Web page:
California Politicians Ban Test of Sprayed Seawater That Might Reverse Global Warming

Some environmentalists are only willing to cool the planet by the pain of less consumption.

(p. A14) Elected leaders in Alameda, Calif., voted early on Wednesday [June 5, 2024] to stop scientists from testing a device that might one day be used to artificially cool the planet, overruling city staff members who had found the experiment posed no danger.

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The test involved spraying tiny sea-salt particles across the flight deck of a decommissioned aircraft carrier, the U.S.S. Hornet, docked in Alameda in San Francisco Bay. Versions of that device could eventually be used to spray the material skyward, making clouds brighter so that they reflect more sunlight away from Earth. Scientists say that could help to cool the planet and to fight the effects of global warming.

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“The chemical components of the saltwater solution (which is similar to seawater) being sprayed are naturally occurring in the environment,” the report said. Staff recommended that the City Council allow the experiment to continue, . . .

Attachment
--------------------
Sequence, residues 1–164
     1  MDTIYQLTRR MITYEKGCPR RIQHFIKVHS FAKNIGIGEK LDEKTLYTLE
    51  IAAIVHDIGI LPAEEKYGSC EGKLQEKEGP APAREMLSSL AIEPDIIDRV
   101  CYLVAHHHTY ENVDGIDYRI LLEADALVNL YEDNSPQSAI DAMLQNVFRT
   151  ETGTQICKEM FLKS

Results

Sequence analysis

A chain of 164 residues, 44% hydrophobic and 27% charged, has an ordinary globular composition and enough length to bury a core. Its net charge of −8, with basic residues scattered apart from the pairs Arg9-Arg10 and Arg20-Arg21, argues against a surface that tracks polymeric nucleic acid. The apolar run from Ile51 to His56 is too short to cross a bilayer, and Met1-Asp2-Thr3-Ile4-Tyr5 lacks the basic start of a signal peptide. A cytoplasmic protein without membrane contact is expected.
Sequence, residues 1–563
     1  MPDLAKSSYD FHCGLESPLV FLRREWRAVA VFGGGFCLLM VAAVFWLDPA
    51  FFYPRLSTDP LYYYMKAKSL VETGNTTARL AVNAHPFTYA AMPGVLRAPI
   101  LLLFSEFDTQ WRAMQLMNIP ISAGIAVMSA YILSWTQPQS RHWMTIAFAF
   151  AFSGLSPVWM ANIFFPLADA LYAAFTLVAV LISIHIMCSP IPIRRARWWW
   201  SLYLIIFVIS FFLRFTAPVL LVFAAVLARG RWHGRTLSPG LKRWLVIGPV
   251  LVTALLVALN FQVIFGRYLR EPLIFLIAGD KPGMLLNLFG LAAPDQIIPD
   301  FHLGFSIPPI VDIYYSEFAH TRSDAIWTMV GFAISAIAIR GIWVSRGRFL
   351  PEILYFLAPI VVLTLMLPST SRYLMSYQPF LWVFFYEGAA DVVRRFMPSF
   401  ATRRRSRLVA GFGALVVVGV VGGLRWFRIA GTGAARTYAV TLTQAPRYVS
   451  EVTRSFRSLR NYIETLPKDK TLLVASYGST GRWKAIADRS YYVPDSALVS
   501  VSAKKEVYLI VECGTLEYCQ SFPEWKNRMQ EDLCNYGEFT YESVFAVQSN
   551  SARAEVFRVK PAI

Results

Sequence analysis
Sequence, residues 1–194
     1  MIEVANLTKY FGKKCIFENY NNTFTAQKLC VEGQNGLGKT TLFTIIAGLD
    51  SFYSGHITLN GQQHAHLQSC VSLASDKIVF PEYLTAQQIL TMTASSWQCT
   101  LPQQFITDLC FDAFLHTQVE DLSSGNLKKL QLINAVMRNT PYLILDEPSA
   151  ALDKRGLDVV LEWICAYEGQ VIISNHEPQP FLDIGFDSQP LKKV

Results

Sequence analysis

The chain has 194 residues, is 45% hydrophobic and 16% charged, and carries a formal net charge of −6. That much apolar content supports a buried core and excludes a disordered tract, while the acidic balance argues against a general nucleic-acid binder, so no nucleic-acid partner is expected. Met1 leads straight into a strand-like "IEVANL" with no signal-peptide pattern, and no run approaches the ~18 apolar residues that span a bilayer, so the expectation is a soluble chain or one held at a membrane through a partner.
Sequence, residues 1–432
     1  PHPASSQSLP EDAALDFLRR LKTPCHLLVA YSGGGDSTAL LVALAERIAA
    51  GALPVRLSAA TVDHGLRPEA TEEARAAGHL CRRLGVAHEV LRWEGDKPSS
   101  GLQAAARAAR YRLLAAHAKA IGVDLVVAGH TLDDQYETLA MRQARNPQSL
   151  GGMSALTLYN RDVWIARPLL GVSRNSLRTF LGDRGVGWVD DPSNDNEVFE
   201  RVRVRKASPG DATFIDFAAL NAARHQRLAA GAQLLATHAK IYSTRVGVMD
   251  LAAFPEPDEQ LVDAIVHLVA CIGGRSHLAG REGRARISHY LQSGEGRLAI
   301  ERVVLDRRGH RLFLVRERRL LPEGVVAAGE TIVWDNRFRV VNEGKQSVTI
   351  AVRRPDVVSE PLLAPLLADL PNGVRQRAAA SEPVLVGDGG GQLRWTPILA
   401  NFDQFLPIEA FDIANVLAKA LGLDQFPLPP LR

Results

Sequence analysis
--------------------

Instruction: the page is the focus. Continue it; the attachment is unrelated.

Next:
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Some environmentalists oppose research aimed at so-called climate intervention, also known as solar geoengineering. They argue that such technology carries the risk of unintended consequences, and also takes money and attention away from efforts to reduce the use of fossil fuels, the burning of which is the underlying cause of climate change.

For the full story see:

Soumya Karlamangla and Christopher Flavelle. “Leaders in California City Halt Cloud-Brightening Test.” The New York Times (Thursday, June 6, 2024): A14.

(Note: ellipses, and bracketed date, added.)

(Note: the online version of the story has the date June 5, 2024, and has the title “California City Leaders End Cloud-Brightening Test, Overruling Staff.”)

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